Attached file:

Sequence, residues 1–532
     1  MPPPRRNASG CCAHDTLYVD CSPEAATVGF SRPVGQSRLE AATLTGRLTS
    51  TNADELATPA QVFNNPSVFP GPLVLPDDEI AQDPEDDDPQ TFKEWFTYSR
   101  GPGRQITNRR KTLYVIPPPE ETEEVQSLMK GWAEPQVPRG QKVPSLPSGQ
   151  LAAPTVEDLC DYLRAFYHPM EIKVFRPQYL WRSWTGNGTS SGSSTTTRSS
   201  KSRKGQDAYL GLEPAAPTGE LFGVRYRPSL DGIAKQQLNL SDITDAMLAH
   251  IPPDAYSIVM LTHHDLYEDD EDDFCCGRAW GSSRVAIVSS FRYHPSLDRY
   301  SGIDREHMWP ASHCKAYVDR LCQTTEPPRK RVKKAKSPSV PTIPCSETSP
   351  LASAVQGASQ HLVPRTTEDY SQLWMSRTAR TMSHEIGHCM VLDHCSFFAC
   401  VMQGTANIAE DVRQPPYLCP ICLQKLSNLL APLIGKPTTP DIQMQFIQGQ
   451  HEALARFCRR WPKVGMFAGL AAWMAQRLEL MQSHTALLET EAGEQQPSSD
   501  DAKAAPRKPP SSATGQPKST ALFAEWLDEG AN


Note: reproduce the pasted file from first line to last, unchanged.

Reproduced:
Sequence, residues 1–532
     1  MPPPRRNASG CCAHDTLYVD CSPEAATVGF SRPVGQSRLE AATLTGRLTS
    51  TNADELATPA QVFNNPSVFP GPLVLPDDEI AQDPEDDDPQ TFKEWFTYSR
   101  GPGRQITNRR KTLYVIPPPE ETEEVQSLMK GWAEPQVPRG QKVPSLPSGQ
   151  LAAPTVEDLC DYLRAFYHPM EIKVFRPQYL WRSWTGNGTS SGSSTTTRSS
   201  KSRKGQDAYL GLEPAAPTGE LFGVRYRPSL DGIAKQQLNL SDITDAMLAH
   251  IPPDAYSIVM LTHHDLYEDD EDDFCCGRAW GSSRVAIVSS FRYHPSLDRY
   301  SGIDREHMWP ASHCKAYVDR LCQTTEPPRK RVKKAKSPSV PTIPCSETSP
   351  LASAVQGASQ HLVPRTTEDY SQLWMSRTAR TMSHEIGHCM VLDHCSFFAC
   401  VMQGTANIAE DVRQPPYLCP ICLQKLSNLL APLIGKPTTP DIQMQFIQGQ
   451  HEALARFCRR WPKVGMFAGL AAWMAQRLEL MQSHTALLET EAGEQQPSSD
   501  DAKAAPRKPP SSATGQPKST ALFAEWLDEG AN